When their headquarters are destroyed and the world is held hostage, the Kingsman's journey leads them to the discovery of an allied spy organization in the US. These two elite secret organizations must band together to defeat a common enemy.
Five medical students, obsessed by what lies beyond the confines of life, embark on a daring experiment: by stopping their hearts for short periods, each triggers a near-death experience - giving them a firsthand account of the afterlife.
It's time for a young African American to meet with his white girlfriend's parents for a weekend in their secluded estate in the woods, but before long, the friendly and polite ambience will give way to a nightmare.
As I say in the title of my review, it is neither artful nor profound to jam every possible reference and metaphor into your movie. It's lazy. It means you have no clear direction and/or are trying to appear meaningful while being unable to resist inserting your own 'struggle' into the 'high concept'... as though you are equating yourself with the existential conflicts of gods and nature... I should think this is the penultimate epitome of pretentiousness and narcissism.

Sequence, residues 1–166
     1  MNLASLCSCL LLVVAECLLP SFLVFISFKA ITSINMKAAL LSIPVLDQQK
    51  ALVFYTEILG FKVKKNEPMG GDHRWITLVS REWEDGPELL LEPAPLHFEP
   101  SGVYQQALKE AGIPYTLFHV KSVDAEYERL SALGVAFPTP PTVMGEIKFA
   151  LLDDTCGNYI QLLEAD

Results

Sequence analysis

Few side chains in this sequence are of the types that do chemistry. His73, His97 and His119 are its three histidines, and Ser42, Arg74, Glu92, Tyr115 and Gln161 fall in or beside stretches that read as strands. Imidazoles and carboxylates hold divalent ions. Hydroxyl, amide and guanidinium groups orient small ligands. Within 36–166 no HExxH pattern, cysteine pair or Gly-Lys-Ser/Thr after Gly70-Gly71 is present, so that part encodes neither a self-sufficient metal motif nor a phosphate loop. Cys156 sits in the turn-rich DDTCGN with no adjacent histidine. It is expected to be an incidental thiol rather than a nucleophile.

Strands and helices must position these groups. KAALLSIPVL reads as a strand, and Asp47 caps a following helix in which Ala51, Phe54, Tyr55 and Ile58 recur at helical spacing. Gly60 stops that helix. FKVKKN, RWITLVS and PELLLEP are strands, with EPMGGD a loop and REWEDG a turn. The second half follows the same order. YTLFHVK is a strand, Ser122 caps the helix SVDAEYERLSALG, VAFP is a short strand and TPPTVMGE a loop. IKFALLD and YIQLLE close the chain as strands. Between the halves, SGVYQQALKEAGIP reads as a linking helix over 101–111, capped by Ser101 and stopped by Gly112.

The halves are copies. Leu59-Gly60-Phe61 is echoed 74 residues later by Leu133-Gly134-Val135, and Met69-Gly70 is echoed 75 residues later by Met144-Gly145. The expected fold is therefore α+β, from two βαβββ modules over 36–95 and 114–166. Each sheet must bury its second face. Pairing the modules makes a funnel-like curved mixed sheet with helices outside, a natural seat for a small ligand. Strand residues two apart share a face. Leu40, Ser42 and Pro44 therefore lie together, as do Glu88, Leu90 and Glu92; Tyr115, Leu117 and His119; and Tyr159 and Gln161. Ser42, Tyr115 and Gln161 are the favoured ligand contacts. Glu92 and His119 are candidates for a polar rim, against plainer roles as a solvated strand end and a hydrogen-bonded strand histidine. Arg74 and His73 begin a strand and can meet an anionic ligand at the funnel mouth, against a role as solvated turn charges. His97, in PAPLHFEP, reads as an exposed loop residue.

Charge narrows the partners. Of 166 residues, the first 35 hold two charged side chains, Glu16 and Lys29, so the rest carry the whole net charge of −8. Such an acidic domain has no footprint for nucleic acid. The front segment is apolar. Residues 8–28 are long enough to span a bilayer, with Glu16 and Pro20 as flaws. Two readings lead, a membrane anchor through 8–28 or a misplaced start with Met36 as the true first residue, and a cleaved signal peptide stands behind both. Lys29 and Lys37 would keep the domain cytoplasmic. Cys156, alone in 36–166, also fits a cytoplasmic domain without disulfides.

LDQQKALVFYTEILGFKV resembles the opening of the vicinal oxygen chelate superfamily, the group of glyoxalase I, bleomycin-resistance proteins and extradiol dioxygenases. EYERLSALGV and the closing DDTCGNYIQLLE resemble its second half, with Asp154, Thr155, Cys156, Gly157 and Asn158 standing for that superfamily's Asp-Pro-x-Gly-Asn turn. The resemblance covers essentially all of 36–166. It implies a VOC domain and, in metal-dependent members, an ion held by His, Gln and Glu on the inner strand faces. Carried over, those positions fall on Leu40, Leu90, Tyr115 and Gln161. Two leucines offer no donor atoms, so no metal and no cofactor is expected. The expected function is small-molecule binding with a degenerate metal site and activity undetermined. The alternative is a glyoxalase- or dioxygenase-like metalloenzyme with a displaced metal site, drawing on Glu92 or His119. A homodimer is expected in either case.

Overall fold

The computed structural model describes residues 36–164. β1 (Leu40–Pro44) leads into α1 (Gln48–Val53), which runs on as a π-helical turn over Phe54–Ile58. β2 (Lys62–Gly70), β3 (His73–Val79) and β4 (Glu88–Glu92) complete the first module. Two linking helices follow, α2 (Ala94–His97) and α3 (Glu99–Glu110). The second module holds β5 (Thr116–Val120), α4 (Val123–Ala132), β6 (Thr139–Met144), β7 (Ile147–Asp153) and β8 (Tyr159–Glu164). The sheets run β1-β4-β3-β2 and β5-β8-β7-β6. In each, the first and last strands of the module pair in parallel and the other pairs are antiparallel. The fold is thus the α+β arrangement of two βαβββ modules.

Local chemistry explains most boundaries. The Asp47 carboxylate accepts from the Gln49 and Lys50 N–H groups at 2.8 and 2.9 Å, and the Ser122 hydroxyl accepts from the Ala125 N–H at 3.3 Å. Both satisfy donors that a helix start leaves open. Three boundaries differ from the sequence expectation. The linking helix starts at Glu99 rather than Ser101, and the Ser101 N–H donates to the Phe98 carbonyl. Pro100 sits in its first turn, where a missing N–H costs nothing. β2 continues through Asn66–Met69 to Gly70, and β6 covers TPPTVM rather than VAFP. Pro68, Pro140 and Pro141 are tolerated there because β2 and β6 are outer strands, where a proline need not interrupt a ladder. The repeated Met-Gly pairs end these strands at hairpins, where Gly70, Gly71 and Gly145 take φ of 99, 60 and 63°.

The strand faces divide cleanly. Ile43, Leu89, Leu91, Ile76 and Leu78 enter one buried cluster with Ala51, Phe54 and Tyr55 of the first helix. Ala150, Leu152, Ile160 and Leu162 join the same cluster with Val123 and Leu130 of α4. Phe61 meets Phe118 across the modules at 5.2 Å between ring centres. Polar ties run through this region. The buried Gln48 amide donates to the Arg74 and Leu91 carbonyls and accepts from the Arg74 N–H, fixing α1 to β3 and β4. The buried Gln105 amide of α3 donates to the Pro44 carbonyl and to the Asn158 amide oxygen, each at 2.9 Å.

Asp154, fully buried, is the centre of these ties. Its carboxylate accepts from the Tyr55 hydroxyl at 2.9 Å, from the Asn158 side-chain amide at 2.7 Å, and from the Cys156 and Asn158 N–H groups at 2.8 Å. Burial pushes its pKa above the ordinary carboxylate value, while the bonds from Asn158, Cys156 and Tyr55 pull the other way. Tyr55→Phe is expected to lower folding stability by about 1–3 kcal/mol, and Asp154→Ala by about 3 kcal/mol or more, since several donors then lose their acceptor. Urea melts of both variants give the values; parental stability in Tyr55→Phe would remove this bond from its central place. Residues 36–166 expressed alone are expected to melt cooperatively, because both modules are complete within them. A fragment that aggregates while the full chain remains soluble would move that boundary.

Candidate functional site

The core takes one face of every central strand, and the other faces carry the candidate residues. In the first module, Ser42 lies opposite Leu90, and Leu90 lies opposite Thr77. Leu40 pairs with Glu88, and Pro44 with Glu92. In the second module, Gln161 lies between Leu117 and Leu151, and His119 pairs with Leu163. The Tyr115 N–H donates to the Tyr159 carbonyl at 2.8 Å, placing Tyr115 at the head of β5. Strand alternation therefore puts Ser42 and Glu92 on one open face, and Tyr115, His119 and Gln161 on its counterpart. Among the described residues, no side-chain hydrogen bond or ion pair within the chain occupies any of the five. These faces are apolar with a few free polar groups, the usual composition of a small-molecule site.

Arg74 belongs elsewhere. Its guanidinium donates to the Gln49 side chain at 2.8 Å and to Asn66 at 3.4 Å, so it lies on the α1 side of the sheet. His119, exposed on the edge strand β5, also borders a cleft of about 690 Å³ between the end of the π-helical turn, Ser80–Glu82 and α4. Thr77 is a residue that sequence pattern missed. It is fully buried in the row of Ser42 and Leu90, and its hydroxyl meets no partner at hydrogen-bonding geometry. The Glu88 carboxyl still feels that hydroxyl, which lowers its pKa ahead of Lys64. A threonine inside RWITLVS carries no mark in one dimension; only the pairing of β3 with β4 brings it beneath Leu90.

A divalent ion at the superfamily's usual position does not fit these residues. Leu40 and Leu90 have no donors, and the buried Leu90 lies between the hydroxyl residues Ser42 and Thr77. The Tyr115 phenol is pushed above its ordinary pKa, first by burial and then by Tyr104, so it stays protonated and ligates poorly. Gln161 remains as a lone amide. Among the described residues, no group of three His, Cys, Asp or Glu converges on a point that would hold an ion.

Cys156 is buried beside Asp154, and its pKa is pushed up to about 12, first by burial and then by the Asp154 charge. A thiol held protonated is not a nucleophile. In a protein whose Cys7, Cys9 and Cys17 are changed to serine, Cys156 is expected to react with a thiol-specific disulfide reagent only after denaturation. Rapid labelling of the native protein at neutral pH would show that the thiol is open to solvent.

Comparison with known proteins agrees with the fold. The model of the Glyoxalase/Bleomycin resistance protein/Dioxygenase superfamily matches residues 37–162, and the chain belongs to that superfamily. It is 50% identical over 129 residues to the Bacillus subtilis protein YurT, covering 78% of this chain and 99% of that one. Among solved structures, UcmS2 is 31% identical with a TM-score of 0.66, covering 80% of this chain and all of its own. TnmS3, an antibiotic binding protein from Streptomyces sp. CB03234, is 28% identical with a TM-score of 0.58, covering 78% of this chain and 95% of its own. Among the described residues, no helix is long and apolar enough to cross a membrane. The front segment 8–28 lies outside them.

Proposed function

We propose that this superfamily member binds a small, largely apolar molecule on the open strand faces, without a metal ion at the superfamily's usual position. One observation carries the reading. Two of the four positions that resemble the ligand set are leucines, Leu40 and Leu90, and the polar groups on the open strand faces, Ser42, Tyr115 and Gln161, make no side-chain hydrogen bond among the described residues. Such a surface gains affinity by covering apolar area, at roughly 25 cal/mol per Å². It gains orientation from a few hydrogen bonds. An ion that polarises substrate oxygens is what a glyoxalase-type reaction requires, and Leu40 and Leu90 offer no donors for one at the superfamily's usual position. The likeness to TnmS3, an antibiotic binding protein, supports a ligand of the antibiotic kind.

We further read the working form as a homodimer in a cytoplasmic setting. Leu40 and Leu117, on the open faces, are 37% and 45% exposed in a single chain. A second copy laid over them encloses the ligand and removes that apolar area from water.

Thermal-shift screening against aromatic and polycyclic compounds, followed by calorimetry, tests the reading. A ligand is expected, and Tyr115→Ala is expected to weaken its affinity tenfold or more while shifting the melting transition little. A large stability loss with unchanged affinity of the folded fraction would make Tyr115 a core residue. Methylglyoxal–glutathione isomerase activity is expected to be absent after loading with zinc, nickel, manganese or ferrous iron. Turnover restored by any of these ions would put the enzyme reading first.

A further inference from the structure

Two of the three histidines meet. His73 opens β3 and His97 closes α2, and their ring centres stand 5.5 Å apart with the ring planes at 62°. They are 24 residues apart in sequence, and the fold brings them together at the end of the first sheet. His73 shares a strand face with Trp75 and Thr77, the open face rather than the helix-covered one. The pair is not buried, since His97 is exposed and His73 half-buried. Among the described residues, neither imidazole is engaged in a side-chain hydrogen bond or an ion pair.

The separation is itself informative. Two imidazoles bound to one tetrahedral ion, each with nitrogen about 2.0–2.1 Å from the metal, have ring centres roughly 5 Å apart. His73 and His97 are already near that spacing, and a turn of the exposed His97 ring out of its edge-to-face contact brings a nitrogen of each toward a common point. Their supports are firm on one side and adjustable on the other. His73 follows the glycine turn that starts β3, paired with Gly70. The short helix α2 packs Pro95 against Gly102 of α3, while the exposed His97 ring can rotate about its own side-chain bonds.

Yes, I got ALL the possible meanings of everything thrust into this amalgamation of horror and pseudo-philosophy tropes. And that was the problem... they were ALL THERE. There was no one idea prevailing; it was, as other reviewers noted, throwing all the poo against the wall and seeing what stuck... and the result was merely akin to a port-a-potty explosion.
The only reason I've given it a 2 was that there were so many abysmal movies this year that this one does rise a little higher by comparison... but only barely.
This is a movie for all the art-house crowd who believe their own self-delusions of brilliance and the Hollywood elite who pat themselves on the back ceaselessly.
I would compare it to the absurdly high praise for "Boyhood".
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